AFL-CIO favors 'mixed' health care system, Sweeney says

WASHINGTON (PAI) The AFL-CIO favors a mixed public-private universal health care system, with government, business and individuals all sharing in its costs and with strong cost controls, including a government-run insurance alternative to keep the private insurance industry honest, federation President John Sweeney said.

His stand comes as a federation committee is still hashing out details, before the early-March AFL-CIO Executive Council meeting in Florida, about what type of health care system to push -- and also as proponents of government-run single-payer health care gain increasing state and local union support. Its latest backers are the AFT in Vermont and the National Education Association's Oregon statewide affiliate.

Sweeney, a founding member of the academy, spoke to the academy's conference at the National Press Club as debate over what type of health care system the nation should have in the future erupted again. First, Obama insisted health care must be fundamentally restructured, with a 'down payment' on that by electronically computerizing medical records -- part of his economic recovery bill. His goal is a complete health care overhaul, mixed public and private, by the end of his term.

And pickets who back government-run single-payer health care marched in front of the J.W. Marriott Hotel during a speech by Senate Finance Committee Chairman Max Baucus, D-Mont. Baucus flatly opposes single-payer government-run health care.

Single-payer would virtually eliminate the insurers, their high deductibles, 33% overhead, co-pays -- and what the government says are 18,000 people who die yearly because the firms deny payment for care. Sweeney upped the number to 22,000 dead.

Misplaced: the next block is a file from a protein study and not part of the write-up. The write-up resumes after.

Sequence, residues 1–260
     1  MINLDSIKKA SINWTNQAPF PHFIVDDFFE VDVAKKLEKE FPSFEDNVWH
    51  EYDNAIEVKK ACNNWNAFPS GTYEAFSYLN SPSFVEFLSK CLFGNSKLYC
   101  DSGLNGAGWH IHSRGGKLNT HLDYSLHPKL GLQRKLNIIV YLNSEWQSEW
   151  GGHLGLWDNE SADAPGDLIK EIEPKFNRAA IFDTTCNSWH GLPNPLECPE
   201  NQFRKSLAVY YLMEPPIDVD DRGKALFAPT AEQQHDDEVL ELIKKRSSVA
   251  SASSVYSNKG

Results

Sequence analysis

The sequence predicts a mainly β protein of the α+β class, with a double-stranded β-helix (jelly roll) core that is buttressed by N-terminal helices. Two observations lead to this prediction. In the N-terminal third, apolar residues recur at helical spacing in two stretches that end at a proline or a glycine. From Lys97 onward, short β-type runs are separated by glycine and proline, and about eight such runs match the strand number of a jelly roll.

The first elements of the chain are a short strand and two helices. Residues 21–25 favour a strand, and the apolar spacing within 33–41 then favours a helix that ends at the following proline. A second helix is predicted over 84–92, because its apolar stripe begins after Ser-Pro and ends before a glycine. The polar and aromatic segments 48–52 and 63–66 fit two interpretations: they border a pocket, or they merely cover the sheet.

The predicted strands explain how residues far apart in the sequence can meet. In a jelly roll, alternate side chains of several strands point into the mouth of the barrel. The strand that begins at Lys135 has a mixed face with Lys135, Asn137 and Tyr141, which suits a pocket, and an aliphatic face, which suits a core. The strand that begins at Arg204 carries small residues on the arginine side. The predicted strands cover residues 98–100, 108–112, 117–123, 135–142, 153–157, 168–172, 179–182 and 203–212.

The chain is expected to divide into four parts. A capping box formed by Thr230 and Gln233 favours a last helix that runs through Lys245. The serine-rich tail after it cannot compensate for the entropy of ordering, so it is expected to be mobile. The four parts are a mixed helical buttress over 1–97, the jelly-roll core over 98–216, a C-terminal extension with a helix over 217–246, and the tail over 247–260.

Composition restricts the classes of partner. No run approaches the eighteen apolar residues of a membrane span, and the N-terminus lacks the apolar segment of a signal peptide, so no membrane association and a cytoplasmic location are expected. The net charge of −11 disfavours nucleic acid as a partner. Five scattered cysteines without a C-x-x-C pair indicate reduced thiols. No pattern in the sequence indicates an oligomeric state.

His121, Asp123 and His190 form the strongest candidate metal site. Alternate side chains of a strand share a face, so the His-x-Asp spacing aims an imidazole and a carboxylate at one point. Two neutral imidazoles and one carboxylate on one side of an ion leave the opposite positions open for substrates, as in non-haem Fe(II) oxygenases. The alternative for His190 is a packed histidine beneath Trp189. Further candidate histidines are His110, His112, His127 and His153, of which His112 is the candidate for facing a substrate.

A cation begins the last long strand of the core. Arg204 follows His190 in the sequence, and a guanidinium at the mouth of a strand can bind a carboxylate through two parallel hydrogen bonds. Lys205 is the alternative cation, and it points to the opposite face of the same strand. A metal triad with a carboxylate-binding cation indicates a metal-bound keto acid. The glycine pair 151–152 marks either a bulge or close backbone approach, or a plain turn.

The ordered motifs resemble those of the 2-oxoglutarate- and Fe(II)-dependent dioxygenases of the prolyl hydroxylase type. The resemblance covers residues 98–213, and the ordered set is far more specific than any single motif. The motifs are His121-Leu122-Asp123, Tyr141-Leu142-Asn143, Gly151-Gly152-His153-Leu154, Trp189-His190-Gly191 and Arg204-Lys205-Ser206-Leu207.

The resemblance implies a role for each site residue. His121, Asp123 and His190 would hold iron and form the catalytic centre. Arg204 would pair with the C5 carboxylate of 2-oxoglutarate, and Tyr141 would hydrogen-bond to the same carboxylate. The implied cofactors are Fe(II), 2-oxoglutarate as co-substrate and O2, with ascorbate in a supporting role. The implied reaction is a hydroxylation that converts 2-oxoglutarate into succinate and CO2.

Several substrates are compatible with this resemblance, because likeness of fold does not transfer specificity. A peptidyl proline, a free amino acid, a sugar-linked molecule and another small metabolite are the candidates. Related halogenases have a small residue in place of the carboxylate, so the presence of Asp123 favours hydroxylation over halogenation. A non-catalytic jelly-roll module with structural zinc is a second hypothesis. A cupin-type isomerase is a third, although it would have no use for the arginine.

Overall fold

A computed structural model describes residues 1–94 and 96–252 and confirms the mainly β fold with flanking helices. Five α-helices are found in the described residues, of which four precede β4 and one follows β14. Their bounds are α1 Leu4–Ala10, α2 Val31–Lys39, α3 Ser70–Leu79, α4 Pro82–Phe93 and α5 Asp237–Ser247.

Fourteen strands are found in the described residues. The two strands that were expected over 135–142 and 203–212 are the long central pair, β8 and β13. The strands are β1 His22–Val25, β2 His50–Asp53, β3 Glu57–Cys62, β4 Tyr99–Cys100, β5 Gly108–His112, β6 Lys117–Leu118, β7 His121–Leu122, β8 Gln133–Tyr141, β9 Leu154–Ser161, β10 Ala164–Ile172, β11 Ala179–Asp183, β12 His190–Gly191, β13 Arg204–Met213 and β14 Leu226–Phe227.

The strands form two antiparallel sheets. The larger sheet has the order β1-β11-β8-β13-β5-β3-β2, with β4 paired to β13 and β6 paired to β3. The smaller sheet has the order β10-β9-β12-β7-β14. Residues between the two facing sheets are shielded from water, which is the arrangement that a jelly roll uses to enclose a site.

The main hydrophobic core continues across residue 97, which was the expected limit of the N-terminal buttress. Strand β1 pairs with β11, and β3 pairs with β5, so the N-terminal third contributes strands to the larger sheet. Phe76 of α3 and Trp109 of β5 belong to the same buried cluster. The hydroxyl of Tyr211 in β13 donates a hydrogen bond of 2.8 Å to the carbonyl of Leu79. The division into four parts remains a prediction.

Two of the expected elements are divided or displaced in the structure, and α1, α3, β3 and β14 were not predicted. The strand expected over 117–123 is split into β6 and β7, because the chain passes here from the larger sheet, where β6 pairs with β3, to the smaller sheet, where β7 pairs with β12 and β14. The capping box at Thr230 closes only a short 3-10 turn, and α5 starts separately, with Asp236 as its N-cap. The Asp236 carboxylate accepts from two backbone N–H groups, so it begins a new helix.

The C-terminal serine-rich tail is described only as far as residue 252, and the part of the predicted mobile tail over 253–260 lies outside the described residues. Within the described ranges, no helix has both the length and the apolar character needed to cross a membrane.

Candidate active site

Sweeney told the crowd that entrenched special interests -- he singled out the insurers -- would oppose any effort at reforming the health care system, because they want to preserve their profits and control. But any effort at universal health care will fail without strong cost controls, he sternly warned.

'It would seem that our economic collapse has added to our health care crisis --- and that is certainly true. But it is also true that our health care crisis contributed greatly to our economic collapse,' Sweeney commented. That's because health care costs are out of control, showing the need for strong government regulation, he added,

Without it, companies that offer decent health care to their workers face a double-edged competition: Against foreign firms whose costs are lower because governments abroad pay for health care, and against domestic competitors whose costs are lower because they don't. Business appears to now realize that, unlike in 1993, Sweeney said. Then, business sat on the sidelines during the pitched battle over the Clinton administration health care system plan.

Meanwhile, rising health care costs rob workers of raises and force them to take second or third jobs to pay or it, or do without, Sweeney added.

Obama 'realizes that while the first bailout may have helped a lot of folks on Wall Street, what's needed now is to put money directly into the pockets of consumers on Main Street with a much-needed economic recovery package. I submit to you, and to him, one of the most important things we can do to put more money into the pockets of the American people, in the short run as well as the long run, is to guarantee all families access to affordable health care.

'Health care costs leech money from workers' pockets...and are draining life from our economy and the time to stop the bleeding is not tomorrow, not the next day, or the next -- but today,' he declared.

The way to do that, he added -- a way the insurers will spend millions of dollars to resist -- is government cost controls, establishment of a government-run alternative system for those whose employers could not or would not insure them, and requiring everyone, including all employers, to shoulder the health care system's costs.